As a food, asparagus can trace an illustrious lineage back 20,000 years to Egypt; it features in the world's oldest surviving cook book, Apicius's third century 'De re coquinaria'; it is packed with vitamins, and a very good source of dietary fibre. No wonder the asparagus is such a prized food. But its reputation as the ultimate gourmet vegetable is also reflected in its delicate cultivation, with white asparagus in particular requiring labour intensive hilling. And in Europe, this dedicated nurturing is threatening the crop as farmers struggle to find the manpower needed to harvest asparagus.
© marrfa - Fotolia.com
Now, however, a German engineer is developing a machine to take the burden out of the harvesting process. Mathias Kück has been perfecting an automated asparagus plucker that gently cuts and removes the asparagus stalk using an innovative image recognition system. "It does everything that a human does, only more precisely," says Kück, who has led the project, named AutoSpar.
Europe accounts for almost one third of the world's asparagus market. Asparagus is difficult to harvest: most plants are ready to be picked only three years after planting, and they have to be removed with a serrated knife, cutting them off 20 cm beneath the soil. About 70% of the European crop is white or violet asparagus, which is obtained through hilling cultivation, a technique in agriculture and horticulture of piling soil up around the base of a plant. The cultivation process is backbreaking and the workforce particularly in Germany, Europe's biggest asparagus producer has been draining away. Manual labour is also clumsy: even experienced workers accidentally cut neighbouring stalks, with losses typically amounting to 15% or €20,000 per hectare.
Hence the need for a continuous, fully automatic harvesting machine. Backed by a €927,560 grant from the European Commission, AutoSpar is designed for white and violet asparagus. The four German, three Spanish, Romanian and Dutch partners in the consortium have been tackling a number of technological challenges: designing an asparagus detection system, building cutting and lifting tools, and creating a motion controlled system. "If we can roll out this technology, it could revive the European asparagus sector and help us compete on the world market," says Kück.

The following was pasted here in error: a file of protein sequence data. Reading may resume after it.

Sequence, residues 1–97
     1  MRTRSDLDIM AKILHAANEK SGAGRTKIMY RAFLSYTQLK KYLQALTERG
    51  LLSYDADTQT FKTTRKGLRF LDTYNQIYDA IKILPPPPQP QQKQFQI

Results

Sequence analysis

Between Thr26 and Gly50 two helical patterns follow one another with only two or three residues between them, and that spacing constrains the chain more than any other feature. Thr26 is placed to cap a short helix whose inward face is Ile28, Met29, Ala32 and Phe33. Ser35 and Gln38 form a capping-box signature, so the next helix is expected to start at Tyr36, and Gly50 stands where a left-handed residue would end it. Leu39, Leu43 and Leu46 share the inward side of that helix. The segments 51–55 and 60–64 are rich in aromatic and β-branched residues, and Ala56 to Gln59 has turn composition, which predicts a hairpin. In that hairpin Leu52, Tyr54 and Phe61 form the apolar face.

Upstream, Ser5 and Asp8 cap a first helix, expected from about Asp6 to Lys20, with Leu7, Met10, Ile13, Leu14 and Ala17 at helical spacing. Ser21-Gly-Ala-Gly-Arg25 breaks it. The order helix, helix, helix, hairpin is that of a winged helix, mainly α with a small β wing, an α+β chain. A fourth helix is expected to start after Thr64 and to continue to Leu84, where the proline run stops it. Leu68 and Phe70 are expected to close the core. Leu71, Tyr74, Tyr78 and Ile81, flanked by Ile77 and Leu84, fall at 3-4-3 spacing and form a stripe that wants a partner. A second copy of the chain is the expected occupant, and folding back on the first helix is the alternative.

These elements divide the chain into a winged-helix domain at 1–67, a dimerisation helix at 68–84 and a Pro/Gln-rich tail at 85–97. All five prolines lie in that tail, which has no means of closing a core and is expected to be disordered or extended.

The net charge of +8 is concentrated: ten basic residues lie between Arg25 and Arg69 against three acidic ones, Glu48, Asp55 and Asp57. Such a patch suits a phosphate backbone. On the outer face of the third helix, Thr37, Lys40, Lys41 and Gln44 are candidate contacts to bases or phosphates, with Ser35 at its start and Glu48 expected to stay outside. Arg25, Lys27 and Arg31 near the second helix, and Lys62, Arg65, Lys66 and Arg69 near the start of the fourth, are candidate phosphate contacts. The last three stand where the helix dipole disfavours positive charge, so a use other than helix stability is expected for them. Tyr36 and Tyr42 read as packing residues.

AutoSpar is in the prototype stage, but it has already demonstrated the gentle cutting and removal of the asparagus stalk on the basis of image recognition and processing system. Kück says the team still faces a number of issues, including redesigning it so that the driving wheel is at the front rather than the back. Another issue is to simply speed it up: it is currently able to cut eight stalks per minute, while humans can do up to 14.
But he is confident he can overcome these issues so that the machine can be rolled out over the next few years. There is a huge market available: asparagus is one of the most expensive vegetables in Europe, with prices reaching up to €10 per kilogram. Some 35 to 50% of the production cost is in labour.
Kück says AutoSpar could halve harvesting costs while avoiding the current problem of seasonal labour shortages. With an anticipated price of €40.000, the AutoSpar machines would have a relatively low investment cost. Kück is aiming for less than 1% of broken and undersized asparagus during harvesting, reducing losses per hectare and season from 700 to 1,000kg to below 100kg. And if perfected, the machines could harvest two hectares a day, up from less than one per day for manual harvesting.